Victorian Governess – Salary, Duties, Uniform and Status

How were girls educated in Victorian times? Girls in the upper classes did not generally go to a school, it was seen as more appropriate for them to be taught at home by a governess. A Victorian governess had a better status in the family home than a servant in the household, but her status was mixed. She was not really accepted by the servants and also not really accepted by the family. Although a governess was sometimes allowed to sit in with the family after dinner, it was usually a rather awkward affair because she was seen as genteel but someone fallen on hard times. A governess was usually paid a small salary and she received board and lodging in the family home.

The role of governess began at a time in England’s history when many middle class families became impoverished, mostly as a result of banks that had failed after the Napoleonic wars. This meant that well-brought up young ladies had to earn a living one way or another. It was seen as disgraceful for girls of this class to work in a menial position or to work in a shop. The acceptable profession was to accept a position as a governess or teacher, usually in a stately home or small school. Eventually, hiring a governess was seen as status symbol, especially for those in the wealthier middle classes.

What were Victorian Governesses Paid?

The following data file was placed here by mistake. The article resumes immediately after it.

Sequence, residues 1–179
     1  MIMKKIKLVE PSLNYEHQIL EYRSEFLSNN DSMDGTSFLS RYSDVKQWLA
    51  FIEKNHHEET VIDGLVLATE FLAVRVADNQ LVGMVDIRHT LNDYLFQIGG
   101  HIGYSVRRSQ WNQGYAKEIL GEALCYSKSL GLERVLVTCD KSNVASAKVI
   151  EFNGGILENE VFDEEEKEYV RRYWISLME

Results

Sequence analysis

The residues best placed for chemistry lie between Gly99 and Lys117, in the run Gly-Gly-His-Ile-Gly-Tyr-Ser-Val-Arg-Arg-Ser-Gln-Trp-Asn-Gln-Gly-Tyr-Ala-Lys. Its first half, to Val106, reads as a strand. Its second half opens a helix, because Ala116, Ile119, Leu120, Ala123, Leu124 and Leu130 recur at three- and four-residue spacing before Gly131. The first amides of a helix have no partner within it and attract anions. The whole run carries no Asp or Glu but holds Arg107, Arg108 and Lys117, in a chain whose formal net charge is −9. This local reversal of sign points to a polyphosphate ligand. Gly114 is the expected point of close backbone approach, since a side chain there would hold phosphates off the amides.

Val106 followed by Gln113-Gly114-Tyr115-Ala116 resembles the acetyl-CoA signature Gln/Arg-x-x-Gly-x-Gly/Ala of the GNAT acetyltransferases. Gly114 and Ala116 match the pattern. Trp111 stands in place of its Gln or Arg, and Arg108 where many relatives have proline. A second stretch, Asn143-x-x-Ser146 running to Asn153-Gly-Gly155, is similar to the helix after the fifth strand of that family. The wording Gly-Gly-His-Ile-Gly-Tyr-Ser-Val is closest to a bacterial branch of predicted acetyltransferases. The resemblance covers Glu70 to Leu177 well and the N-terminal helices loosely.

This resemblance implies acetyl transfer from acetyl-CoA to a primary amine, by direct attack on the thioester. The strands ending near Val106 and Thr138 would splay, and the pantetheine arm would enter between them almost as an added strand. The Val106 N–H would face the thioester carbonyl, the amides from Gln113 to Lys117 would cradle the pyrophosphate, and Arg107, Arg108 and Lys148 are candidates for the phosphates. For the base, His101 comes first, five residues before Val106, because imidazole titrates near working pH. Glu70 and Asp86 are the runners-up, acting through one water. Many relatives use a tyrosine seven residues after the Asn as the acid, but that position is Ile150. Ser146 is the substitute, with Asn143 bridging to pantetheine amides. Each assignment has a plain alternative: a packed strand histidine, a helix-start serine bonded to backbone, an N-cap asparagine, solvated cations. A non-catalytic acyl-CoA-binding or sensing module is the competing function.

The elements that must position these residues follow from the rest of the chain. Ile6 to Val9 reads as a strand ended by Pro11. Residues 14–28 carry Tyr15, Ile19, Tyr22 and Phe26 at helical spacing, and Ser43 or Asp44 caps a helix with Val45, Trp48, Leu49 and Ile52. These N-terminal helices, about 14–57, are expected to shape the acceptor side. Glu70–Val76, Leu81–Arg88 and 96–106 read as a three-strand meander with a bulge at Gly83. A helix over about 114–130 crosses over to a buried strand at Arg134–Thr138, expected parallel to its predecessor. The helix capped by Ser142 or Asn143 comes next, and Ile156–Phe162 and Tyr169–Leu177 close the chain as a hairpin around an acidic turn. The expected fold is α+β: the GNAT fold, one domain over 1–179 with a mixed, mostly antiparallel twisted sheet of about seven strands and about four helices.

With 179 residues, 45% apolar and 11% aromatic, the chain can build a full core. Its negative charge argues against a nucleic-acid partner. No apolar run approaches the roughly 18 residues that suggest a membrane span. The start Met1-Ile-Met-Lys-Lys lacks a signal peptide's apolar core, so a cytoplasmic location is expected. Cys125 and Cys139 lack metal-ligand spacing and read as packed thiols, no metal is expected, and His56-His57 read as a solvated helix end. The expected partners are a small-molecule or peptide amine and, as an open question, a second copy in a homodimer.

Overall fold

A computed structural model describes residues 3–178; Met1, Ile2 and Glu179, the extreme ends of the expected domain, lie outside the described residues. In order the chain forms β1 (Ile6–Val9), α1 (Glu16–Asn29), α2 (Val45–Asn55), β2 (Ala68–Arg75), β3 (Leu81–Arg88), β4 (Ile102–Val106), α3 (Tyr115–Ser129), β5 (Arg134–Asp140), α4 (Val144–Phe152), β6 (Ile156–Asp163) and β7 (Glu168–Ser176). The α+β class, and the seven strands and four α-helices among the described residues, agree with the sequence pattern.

Due to the transient nature of the job, there was no long term job security, benefits or pension at the end of their term. Governesses were often looking for a new position once their charges grew up to the point where she was no longer necessary.

The salary was very small, which meant there was not much chance of saving for retirement. In England, governesses were paid around 25 pounds per year, contrast that with a wealthy lord who would earn in the region of 10 000 pounds per annum from his estate and/or inheritance.

In England, the Governesses’ Benevolent Institution was set up in 1841 to help impoverished governesses.

What did a Victorian Governess Wear?

Victorian governess dress
Victorian governess dress

Dress was formalized by around 1880, which dress included a long, plain skirt, usually grey or black, boots and a wide belt, a blouse buttoned up to the neck, along with a shawl and bonnet for outside wear. Hair was usually scraped back into a tight bun and secured firmly under a net.

The classic Jane Eyre by Charlotte Bronte is an excellent historical novel which gives a great insight into what a governess’ role was and what her status was in a stately home. Besides the interesting historical facts, it’s a good read!



Are There Jobs for a Governess today?

A modern day governess would not be called a governess.  There are thousands of jobs available all over the world as a child carer.  Today, child care work is termed as a nanny, au pair, tutor or teacher, or manny in the case of a man carer.  As in the past, au pairs or nannies will often live with a family and receive accommodation, sometimes food and a weekly or monthly salary.  Lots of young girls like this type of work, as they can move to different countries and it gives them a chance to travel and experience a new culture.

Reference:

https://www.polyvore.com/governess/set?id=135024861